JTF (just the facts): A total of 15 color images, mostly framed in black with no mat, and hung in the back two gallery spaces. The chromogenic prints come in three sizes (or reverse): 20×24 (in editions of 10+3AP), 30×38 (in editions of 5+1AP) and 38×48 (in editions of 3+1AP). The images were taken between 2005 and 2009. (Installation shots at right.)
Comments/Context: The weather forecast for Todd Hido’s group of new landscapes is remarkably consistent: cloudy, with a better than average chance for dreary, depressing rain. Hido’s images document melancholy open roads, stark silhouetted trees, misty skies and barren fields, all seen through the blurry wetness of his car window.
The “open road” is of course an American tradition, embodying freedom, youth, and unlimited opportunity. As a result, it has been “done” plenty of times before; I can think of the famous Dorothea Lange
) and couple more by Robert Adams (couldn’t find good scans) that cover the concept from the art photography point of view (and I’m sure there are others I’ve forgotten, so add them in the comments as appropriate); stock photography for advertising and the like is chock full of optimistic, sunny open roads.
Hido’s muddy tracks are just the opposite: lonely, bleak and austere, in an introspective mood, even if the sun is trying to poke through. The works are unabashedly painterly (some might even lump them in the Neo–Pictorialist camp), using the rain to create out of focus softness with the foggy pastel colored light (think Stieglitz’ Spring Showers). The best of the images in this show rise out of the bleary murkiness and find some emotional resonance, a subtle moment of unexpected beauty in an otherwise uninspiring landscape. Unfortunately, not enough of the works find this perfect pitch, and many sink back down into the empty psychological wasteland. All in, the exhibit is a bit of a mixed bag: a few moments of sublime quiet, intermingled with a few too many duller memories of standing in the cold rain.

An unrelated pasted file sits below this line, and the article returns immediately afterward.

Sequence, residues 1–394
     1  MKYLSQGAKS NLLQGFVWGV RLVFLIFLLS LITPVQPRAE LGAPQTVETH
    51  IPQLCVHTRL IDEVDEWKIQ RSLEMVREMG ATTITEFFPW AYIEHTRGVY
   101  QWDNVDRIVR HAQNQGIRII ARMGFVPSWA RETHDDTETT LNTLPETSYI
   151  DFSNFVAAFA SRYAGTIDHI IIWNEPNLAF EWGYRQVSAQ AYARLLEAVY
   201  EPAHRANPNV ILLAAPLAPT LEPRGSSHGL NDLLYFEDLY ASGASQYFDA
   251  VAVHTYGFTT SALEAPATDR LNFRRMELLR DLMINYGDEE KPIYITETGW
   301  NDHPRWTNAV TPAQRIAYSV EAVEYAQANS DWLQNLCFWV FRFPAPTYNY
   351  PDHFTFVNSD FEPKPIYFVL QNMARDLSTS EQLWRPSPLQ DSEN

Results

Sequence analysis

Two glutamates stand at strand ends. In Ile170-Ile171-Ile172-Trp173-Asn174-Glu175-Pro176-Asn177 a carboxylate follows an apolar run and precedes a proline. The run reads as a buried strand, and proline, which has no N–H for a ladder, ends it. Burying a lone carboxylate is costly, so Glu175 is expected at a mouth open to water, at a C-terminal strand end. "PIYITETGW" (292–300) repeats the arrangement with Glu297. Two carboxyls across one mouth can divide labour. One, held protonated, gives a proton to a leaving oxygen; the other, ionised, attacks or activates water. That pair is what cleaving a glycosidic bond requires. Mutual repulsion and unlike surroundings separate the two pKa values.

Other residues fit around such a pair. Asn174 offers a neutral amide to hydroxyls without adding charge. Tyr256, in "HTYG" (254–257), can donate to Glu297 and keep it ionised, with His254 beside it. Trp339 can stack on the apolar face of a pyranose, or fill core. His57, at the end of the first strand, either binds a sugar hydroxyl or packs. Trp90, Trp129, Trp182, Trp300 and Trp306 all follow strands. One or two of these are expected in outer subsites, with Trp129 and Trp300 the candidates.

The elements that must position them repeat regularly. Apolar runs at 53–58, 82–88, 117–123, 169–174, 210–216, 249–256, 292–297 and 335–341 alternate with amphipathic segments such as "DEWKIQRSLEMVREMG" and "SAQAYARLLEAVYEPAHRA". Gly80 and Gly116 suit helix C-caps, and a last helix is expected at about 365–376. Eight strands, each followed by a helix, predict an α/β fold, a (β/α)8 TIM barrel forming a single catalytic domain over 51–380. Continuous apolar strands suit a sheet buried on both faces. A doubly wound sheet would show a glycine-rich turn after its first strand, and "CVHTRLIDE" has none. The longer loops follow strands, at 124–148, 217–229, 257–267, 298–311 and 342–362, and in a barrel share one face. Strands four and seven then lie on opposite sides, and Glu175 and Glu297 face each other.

Given that the images in the show come in three sizes, there are of course three sets of prices: $3500 for the smallest works, $5500 for the mid sized, and $9000 or $9500 for the largest works. Hido’s
work has started to trickle into the secondary markets, with the few lots that have come up for sale in the past few years fetching between $2000 and $6000. While these landscapes aren’t a good fit for our particular collection, my favorite image in the show was 5157
(shown on the far left of the installation shot at right).
* (one star) GOOD (rating system described here
- Artist site (here)
- Interview: Inceptive Notions (here)
- Review: American Suburb X (here)
Through October 24th
535 West 24th Street
New York, NY 10011